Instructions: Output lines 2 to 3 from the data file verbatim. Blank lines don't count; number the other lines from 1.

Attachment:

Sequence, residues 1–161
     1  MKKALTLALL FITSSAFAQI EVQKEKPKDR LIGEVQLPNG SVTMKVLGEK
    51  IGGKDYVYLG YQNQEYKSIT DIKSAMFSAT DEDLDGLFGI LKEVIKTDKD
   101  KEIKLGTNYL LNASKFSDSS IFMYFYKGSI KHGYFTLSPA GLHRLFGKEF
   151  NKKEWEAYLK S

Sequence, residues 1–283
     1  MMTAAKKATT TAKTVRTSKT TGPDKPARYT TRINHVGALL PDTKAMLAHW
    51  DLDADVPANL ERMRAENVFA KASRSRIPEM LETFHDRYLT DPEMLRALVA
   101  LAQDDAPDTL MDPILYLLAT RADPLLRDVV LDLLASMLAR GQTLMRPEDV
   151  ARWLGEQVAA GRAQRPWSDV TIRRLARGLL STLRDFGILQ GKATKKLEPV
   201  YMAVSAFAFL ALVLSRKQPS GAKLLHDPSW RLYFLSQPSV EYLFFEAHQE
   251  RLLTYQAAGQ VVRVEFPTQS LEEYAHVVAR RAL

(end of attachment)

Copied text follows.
     1  MKKALTLALL FITSSAFAQI EVQKEKPKDR LIGEVQLPNG SVTMKVLGEK
    51  IGGKDYVYLG YQNQEYKSIT DIKSAMFSAT DEDLDGLFGI LKEVIKTDKD